Dorado is a Southern Hemisphere constellation and also this boat designed for Ashley Cook in New South Wales. The idea behind it was for a rough water power boat with a sleepable cuddy cabin. We started with my Frolic2 sailboat (which itself evolved from the Toto canoe) and straightened out the stern lines to adapt it for planing power. After mocking it up Ashley said he and family needed another 3" of headroom so Dorado B was born and built. The plans show it both ways. I should add that even though Dorado started out as a modified sailing hull, it probably would be a terrible sailer just as Frolic2 would be a terrible power boat on plane. The two worlds just don't mix and the idea of "just hoisting a simple sail" on Dorado is bound to be a sure loser both because it will sail poorly and because you will lose the simplicity of a straight power boat. Not that the idea isn't worth more study. It would take a special person to do all the tweaking involved with making the two-way boat work well.
The shape works! Ashley has been running DoradoB into the rough stuff. In the above photo he is off the east coast of Australia with nothing but ocean between him and New Zealand. He says the big curling wave to his side is a permanent fixture and fatal to boaters trying it. He is using a new 30 hp two stroke motor which still is in its break in period. The Coast Guard would say that is the max for this hull. With the 30 Ashley reports cruising at about 20 mph with two adults on board. As an aside I should mention that in boats like this one needs to pay attention to the prop specs to prevent the motor from going over redline at full throttle. If the usual prop is for a heavier and slower boat then I would expect the motor to rev too high at full throttle in a lighter faster boat. The idea is to select a prop with a pitch that will put the tach on the red line at full throttle.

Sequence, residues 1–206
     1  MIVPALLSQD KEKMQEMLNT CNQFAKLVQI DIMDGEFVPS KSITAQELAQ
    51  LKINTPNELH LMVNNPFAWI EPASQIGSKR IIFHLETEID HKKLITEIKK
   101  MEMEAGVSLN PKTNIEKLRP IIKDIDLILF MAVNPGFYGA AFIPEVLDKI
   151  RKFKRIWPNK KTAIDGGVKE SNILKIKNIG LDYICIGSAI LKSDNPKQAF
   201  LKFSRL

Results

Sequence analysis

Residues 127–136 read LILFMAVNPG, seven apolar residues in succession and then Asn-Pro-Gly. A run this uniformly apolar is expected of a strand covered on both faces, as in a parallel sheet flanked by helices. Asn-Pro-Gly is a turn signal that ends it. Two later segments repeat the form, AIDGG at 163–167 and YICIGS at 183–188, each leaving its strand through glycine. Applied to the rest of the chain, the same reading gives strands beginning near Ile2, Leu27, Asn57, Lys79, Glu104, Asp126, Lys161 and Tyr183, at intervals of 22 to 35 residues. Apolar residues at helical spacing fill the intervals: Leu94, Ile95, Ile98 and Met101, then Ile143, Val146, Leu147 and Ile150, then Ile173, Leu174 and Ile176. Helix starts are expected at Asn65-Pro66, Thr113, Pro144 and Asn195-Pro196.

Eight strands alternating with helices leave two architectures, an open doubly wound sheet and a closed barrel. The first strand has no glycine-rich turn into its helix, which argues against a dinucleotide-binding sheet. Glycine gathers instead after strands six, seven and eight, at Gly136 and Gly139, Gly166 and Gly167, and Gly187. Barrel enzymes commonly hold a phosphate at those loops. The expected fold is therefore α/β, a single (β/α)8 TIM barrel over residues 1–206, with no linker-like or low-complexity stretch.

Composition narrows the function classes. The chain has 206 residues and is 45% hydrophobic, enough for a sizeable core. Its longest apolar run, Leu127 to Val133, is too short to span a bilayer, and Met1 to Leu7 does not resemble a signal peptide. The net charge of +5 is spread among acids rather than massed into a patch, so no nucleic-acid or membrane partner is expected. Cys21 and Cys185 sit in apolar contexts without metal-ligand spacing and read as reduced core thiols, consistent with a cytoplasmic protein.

The hull is made with taped seams needing two sheets of 1/2" plywood and eight sheets of 3/8" plywood, a total of about 400 pounds of wood. I would expect the stripped hull to weigh about 500 pounds with framing and fiberglass. I would add at least 150 pounds to that for a motor and its gear which is why I estimate the empty weight to be about 650 pounds. Add two adults and fuel and now you are around 1100 pounds total. The old rule for motors on planing powerboats is a horse for each 50 pounds so if you havea 25 horse motor you will be able to cruise this boat at 2/3 throttle. I would say 15 hp is the minimum you might use and expect to plane, even then you must stay very light and run near full throttle.